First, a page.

Per – and polyfluoroalkyl substances (PFAS) such as perfluorooctanoic acid (PFOA), perfluorosulfonic acid (PFOS), GenX and other chemicals are man-made chemicals manufactured and used in industries around the world since the 1940s. The EPA has found evidence that exposure to PFAS can cause adverse health effects and remain persistent in the human body for years. In other words, these chemicals do not break down and can accumulate over time.
According the EPA, PFASs have been found in the following:
- Food packaged in PFAS-containing materials, processed with equipment that used PFAS, or grown in PFAS-contaminated soil or water.
- Commercial household products, including stain- and water-repellent fabrics, nonstick products (e.g., Teflon), polishes, waxes, paints, cleaning products, and fire-fighting foams (a major source of groundwater contamination at airports and military bases where firefighting training occurs).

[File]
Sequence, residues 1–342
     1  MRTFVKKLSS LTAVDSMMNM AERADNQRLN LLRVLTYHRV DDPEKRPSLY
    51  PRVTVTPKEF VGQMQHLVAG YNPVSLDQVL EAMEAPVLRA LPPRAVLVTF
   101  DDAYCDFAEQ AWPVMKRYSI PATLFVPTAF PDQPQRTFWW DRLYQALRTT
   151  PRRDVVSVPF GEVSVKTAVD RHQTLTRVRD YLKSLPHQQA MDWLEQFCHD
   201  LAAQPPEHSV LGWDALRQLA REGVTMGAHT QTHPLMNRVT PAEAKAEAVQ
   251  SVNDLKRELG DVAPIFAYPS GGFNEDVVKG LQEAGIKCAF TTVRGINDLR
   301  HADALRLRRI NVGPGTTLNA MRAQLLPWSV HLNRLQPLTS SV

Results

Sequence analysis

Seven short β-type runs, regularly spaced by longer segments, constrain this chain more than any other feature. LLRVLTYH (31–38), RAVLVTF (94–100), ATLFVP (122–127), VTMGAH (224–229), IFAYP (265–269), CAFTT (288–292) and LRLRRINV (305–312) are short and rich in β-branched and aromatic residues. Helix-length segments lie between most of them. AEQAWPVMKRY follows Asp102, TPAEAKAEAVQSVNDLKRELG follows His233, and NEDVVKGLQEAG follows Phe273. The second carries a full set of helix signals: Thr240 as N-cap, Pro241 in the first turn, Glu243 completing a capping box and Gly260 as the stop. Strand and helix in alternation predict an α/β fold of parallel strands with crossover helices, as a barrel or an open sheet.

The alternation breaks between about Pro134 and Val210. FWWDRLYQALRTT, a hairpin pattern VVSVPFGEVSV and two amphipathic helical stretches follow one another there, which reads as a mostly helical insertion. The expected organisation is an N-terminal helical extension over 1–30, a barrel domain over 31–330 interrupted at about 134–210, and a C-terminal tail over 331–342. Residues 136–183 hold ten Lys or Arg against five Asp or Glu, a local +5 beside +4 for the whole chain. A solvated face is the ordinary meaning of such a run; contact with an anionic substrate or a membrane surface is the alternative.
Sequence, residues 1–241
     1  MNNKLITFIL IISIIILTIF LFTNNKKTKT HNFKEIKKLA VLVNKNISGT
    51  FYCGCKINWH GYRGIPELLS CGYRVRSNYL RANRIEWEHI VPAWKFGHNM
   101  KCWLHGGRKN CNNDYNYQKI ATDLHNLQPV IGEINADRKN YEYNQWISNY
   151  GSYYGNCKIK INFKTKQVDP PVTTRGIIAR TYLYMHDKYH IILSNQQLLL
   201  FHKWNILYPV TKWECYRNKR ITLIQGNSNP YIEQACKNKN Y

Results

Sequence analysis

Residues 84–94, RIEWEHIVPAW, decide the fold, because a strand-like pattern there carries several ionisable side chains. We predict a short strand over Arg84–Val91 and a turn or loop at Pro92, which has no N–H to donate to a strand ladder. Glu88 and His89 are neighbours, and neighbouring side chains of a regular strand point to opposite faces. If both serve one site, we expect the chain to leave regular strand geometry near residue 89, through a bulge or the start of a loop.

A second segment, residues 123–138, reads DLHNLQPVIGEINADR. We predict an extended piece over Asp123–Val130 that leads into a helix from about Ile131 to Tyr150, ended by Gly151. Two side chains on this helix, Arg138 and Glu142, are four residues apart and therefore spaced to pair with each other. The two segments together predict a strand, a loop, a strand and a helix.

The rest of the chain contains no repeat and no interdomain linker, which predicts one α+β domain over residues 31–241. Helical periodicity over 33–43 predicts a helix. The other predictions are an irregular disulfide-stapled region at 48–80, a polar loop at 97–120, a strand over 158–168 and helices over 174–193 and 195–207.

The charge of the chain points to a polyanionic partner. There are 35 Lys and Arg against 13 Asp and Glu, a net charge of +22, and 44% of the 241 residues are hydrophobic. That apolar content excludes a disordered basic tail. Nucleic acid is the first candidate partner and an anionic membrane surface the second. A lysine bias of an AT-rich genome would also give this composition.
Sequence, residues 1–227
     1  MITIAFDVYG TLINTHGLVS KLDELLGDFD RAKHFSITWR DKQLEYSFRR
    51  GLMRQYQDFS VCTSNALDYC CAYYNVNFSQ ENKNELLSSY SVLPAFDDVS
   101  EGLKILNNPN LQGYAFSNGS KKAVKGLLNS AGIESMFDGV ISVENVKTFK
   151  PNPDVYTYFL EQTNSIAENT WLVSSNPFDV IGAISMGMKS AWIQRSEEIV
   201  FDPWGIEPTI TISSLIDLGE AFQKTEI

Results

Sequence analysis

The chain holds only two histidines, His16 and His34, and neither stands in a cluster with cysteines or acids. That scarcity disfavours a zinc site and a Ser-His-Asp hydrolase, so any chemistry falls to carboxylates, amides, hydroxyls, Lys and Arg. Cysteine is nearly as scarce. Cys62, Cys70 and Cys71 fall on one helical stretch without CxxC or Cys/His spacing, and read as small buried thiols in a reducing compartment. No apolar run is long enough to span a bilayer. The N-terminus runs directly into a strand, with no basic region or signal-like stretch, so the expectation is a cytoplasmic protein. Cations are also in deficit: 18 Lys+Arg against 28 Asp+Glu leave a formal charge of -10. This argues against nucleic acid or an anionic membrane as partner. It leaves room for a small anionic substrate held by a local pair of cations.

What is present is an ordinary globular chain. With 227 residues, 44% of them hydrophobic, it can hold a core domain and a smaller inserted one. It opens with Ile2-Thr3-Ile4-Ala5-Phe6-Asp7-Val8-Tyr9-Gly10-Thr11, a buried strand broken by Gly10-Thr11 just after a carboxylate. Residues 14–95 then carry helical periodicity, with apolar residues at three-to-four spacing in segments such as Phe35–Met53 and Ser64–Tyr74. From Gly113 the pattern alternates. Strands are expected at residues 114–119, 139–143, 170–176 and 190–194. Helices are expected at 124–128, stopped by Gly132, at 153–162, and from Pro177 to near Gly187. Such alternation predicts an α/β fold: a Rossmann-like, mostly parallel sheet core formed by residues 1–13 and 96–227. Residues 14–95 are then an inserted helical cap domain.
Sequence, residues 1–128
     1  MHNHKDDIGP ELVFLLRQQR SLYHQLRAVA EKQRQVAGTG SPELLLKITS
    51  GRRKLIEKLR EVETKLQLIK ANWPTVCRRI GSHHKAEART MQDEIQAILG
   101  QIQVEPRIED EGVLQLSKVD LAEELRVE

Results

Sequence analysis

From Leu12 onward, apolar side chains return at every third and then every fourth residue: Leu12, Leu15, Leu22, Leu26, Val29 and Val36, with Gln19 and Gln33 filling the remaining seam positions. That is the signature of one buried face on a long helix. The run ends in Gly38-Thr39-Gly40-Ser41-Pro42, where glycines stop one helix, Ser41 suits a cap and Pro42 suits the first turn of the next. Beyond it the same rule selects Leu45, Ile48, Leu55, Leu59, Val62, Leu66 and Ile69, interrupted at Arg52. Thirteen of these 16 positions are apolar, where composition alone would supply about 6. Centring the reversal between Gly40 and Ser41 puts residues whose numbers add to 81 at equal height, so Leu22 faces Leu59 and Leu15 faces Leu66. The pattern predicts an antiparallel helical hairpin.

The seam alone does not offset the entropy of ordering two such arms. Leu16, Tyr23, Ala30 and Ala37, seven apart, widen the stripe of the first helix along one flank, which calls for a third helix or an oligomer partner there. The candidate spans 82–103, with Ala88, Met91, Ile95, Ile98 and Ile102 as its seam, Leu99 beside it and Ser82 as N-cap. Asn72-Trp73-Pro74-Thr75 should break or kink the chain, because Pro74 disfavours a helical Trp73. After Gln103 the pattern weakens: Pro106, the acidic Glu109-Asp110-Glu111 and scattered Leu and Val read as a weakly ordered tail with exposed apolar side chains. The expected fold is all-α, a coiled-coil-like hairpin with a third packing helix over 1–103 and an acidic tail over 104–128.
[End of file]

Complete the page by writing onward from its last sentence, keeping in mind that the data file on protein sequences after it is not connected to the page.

- Workplace, including production facilities or industries (e.g., chrome plating, electronics manufacturing or oil recovery) that use PFAS.
- Drinking water, typically localized and associated with a specific facility (e.g., manufacturer, landfill, wastewater treatment plant, firefighter training facility).
- Living organisms, including fish, animals and humans, where PFAS have the ability to build up and persist over time.
- Eight large chemical manufacturers agreed to stop the use of PFOA and PFOA-related chemicals in the production of their commodities. The United States no longer manufactures PFOAs; however, they continue to be produced internationally and are imported into the United States in consumer goods. Goods such as carpet, leather, clothing apparel, textiles, paper and packaging materials, coatings, rubber and plastics are still imported.
Source: USEPA, EPA 823R18004, www.epa.gov/pfas, February 2019